continual

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English[edit]

Alternative forms[edit]

Etymology[edit]

From Middle English continuel, from Old French continuel, from Latin continuus (continuous)

Pronunciation[edit]

  • (file)

Adjective[edit]

continual (not comparable)

  1. Recurring in steady, rapid succession.
  2. (proscribed) Seemingly continuous; appearing to have no end or interruption.
  3. (proscribed) Forming a continuous series.

Usage notes[edit]

In careful usage, continual refers to repeated actions “continual objections”, while continuous refers to uninterrupted actions or objects “continuous flow”, “played music continuously from dusk to dawn”.[1] However, this distinction is not observed in informal usage, a noted example being the magic spell name “continual light” (unbroken light), in the game Dungeons & Dragons.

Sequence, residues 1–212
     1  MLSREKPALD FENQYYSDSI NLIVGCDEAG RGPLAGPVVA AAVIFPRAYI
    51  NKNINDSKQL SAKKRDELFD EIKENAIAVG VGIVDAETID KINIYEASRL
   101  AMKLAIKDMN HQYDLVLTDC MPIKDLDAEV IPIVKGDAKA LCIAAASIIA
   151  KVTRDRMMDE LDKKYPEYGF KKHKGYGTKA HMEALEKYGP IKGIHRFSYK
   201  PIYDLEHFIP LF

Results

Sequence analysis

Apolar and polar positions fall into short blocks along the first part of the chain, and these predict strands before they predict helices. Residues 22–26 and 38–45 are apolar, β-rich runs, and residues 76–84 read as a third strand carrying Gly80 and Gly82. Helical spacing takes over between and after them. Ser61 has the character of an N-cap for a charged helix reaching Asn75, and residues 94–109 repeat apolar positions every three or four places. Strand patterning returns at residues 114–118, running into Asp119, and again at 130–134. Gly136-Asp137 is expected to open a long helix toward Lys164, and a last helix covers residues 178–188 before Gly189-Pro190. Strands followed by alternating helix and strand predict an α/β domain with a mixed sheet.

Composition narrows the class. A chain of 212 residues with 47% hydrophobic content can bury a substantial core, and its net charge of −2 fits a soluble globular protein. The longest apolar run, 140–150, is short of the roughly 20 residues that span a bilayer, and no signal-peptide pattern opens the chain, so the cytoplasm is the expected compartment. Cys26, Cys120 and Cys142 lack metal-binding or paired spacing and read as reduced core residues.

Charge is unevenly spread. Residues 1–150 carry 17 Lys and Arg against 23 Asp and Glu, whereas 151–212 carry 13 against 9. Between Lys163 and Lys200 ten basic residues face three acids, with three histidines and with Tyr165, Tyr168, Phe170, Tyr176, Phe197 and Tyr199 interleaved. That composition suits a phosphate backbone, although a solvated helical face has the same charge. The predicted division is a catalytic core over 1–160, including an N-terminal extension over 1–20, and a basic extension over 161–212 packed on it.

Related terms[edit]

Translations[edit]

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References[edit]

  1. ^ continual/continuous”, Brians, Paul Common Errors in English Usage, (2nd Edition, November 17, 2008), William, James & Company, 304 pp., ISBN 978-1-59028207-6

External links[edit]

Anagrams[edit]